A whimsical, offbeat indie comedy, “Heaven Before I Die” tells the tall tale of a young immigrant who arrives in Canada from “the Holy Land” (Palestine is coyly left unnamed, though everybody is wearing red checkered headdresses) and succeeds in overcoming a physical handicap and finding love, money and happiness, not to mention some kind of meaning in life. Pic’s imagination and gentle humor will attract fest programmers, and a good cast should help it in selected arthouse situations.
Told in the first person, Jacob’s story begins in Jerusalem or thereabouts, where his first memory as a baby is watching a belly dancer perform. He grows into a handsome young man (Andy Velasquez) whose only defect is his feet, so turned out that he walks like Charlie Chaplin. A warm family circle cushions him from the sting of being different, but finally he decides to emigrate to Toronto, where “all people are created equal.”
Instead of turning into a desperate immigrant story, pic sticks to light, ironic farce. At every turn, Jacob’s naive trustfulness is met with outrageous kindness. A small-time gentleman thief who robs cash machines (Giancarlo Giannini) takes him into his comfortable house and treats him like a son. Lovely waitress Selma (Joanna Pacula) finds him a job as a Chaplin imitator. His act with a pig gains him fame and fortune, but almost loses him his soul and Selma’s love.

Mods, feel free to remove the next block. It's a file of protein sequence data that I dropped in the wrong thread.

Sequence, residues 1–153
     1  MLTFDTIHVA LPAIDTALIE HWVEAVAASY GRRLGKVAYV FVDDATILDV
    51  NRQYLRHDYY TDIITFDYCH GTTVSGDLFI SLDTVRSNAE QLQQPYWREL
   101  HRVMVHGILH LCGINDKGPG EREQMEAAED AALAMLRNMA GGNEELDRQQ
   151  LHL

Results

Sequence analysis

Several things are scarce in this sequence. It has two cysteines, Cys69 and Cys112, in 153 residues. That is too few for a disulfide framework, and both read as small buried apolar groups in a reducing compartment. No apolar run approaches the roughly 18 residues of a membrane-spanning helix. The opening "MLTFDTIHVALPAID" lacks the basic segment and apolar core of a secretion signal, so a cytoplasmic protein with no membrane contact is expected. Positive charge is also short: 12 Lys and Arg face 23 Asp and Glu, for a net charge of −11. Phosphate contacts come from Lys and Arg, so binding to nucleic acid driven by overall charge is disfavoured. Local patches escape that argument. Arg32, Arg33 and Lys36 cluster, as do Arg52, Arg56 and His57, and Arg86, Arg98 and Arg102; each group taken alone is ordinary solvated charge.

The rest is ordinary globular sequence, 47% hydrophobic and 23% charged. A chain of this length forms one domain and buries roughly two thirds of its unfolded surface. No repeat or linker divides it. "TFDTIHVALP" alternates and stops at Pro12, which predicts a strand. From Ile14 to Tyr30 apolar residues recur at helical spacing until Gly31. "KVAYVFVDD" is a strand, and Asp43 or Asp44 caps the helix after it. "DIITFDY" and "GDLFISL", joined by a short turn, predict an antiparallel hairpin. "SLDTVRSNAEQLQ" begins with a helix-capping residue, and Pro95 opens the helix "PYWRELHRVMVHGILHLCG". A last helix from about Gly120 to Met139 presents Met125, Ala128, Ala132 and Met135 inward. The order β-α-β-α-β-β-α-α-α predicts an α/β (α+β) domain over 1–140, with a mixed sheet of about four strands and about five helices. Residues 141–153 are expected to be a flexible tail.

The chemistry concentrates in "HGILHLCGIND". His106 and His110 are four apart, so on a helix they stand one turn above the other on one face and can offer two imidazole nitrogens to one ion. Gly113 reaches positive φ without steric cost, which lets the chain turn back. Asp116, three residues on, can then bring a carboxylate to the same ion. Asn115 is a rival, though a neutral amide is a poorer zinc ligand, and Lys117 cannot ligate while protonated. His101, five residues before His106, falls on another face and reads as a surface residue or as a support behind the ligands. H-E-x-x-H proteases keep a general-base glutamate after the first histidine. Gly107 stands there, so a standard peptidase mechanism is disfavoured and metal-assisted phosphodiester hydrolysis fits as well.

Among the more amusing scenes is Jacob’s visit to a secret society called Paradise, where people dress as inspiring historical figures; “The Prophet’s” Khalil Gibran (Omar Sharif) gives Jacob some wise counsel.
Director-writer Izidore K. Musallam injects the film with an ironic tone of innocence, in a world viewers know is corrupt just beyond the edges of the screen. Pic’s achievement is to insist illogically on human goodness without sounding trite or false.
Newcomer Velasquez has fresh charm as the sensitive, slow-talking boy from the Holy Land. Both Giannini, as the gangster, and Sharif, as Gibran, are very amusing, while Pacula shines with intelligent sincerity as Jacob’s love interest. Tech work is imaginative, too, in stretching a no-doubt modest budget.